To confuse matters further, both hong-shi and yeon-shi can be bought unripened but they are not pleasant to eat and may cause stomach blockages (phytobezoars). In the unripened state they are known as daeng-kam (땡감) and should be allowed to ripen which can even take place at room temperature (around 20 degrees).

Persimmon Uses

Dan-kam is cut and eaten like an apple while softer versions can be  cut as you would a boiled egg and scooped out. In Korea, you are privileged to buy persimmons that are super ripe and I quite like to simply puncture the skin and suck the innards out. It is a very enjoyable experience especially if the fruit is chilled.

 

persimmon sorbet (Independent UK)

You can also find persimmon sorbet and many some cafes serve hong-shi / yeon-shi smoothies which are quite delicious.

A Korean non-alcoholic drink is based on persimmon,

su-cheong-gwha

And then there is persimmon vinegar (감식초) which is what is known as a ‘drinking vinegar’ the drinking of which is seen as health promoting (Link on Korean ‘drinking vinegar).

persimmon vinegar (감식초)

Persimmon leaf tea (감잎차)

persimmon leaf tea

Some Interesting Persimmon Facts

♦Eating unripened persimmons causes 82% of the cases of phytobezoars, these being abdominal obstructions caused by ingested matter. Unripe perssimmons contain high amounts of the tannin shibuol which on contact with weak gastic acids polymerizes, thus causing an obstruction. Phytobezoar epidemics occur in areas where persimmons are grown and though surgery has sometimes been required to remove them, depolymerization is effected by drinking coca-cola. (see Wikipedia).

♦Recently, persimmon wood, related to ebony, has been used by by bowmen in the traditional manufacture of longbows.

♦Originally, persimmon wood was used to manufacture the highest quality golfing ‘woods’ before being largely replaced by ones made of metal.

♦A persimmon fruit is technically a ‘ true berry.’

♦Sharon Fruit is a trade name for the D. Kaki variety of persimmon which is ripened via chemicals. The Daily Mail article linked below gives some suggestions on using this but in the UK I have found this fruit quite expensive and unpleasant. Leaving the fruit to become soft didn’t seem to work and given they were the size of an egg,  no substitute for soft persimmon. Sharon Fruit is definitely an ersatz version of  persimmon.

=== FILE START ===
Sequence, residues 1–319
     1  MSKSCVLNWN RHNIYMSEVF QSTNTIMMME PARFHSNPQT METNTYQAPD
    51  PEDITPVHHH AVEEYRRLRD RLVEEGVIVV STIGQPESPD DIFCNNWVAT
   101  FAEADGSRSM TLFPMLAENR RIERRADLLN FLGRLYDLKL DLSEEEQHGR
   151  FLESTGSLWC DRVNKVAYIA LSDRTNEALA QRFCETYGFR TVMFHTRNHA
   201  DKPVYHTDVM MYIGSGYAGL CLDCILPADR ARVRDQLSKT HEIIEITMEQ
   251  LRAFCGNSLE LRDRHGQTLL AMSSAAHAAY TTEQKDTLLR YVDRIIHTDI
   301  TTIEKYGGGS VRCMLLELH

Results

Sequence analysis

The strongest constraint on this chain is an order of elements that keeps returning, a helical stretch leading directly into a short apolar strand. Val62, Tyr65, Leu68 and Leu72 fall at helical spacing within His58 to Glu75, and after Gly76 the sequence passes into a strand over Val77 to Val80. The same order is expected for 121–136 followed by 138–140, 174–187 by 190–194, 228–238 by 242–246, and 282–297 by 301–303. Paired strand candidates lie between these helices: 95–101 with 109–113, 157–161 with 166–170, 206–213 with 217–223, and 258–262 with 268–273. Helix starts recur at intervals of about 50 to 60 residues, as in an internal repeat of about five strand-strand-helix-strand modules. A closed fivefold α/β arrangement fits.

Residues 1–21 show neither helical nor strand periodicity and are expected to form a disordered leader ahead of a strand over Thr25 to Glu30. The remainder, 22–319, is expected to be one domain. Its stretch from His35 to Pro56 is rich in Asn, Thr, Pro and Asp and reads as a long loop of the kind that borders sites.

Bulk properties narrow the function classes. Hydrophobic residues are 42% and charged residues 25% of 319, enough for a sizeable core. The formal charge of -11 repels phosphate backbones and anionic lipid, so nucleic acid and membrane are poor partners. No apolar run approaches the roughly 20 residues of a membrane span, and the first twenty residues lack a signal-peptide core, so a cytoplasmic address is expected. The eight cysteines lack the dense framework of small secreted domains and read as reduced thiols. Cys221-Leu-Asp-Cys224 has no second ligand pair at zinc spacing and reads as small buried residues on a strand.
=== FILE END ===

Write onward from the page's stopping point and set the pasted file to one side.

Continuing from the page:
♦And yet another fruit claimed to ward of heart attack. According to the Daily Mail (link below), Sharon Fruit can prevent clotted arteries. However, I’m skeptical as the research was carried out by Hebrew University in Jerusalem, and of course, the fruit is grown in this area.

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Interlude (1) – 홍시 – Soft Persimmon

Posted in Interlude (Theme), Korean language by 노강호 on October 24, 2010

They’re like a bright orange bag of jelly, the shape of a tennis ball and although they’re relatively tasteless, basically just very sweet, there is something pleasant about them. Like a number of Korean foods, the most noted probably being octopus, one ‘product’ can have several different names rather like the English ‘grape,’ when dried, can be a ‘currant,’ ‘raisin,’ or ‘sultana.’   While persimmons, are  generally called, ‘kam’ ( 감), the specific name for the highly ripened variety is, ‘hong-shi’ ( 홍시).  ‘Yeon-shi’ (연씨) is a similar soft variety but smaller and rounder.

'hong-shi; - like a bag of jelly

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Interlude (2) – 놀토 – ‘Play Saturday’

Posted in Interlude (Theme), Korean language by 노강호 on October 14, 2010

놀토 (nol-t’o)

Because Korean uses syllable blocks to build words, ‘syllable acronyms’ are a common means of putting words together to express ‘something.’  School children and students, for example, often use syllable acronyms’ to express ‘things’ to do with school. 놀토 fits this category and depending on your viewpoint, is either a colloquialism or slang. Usually such syllable acronyms are spoken rather than written.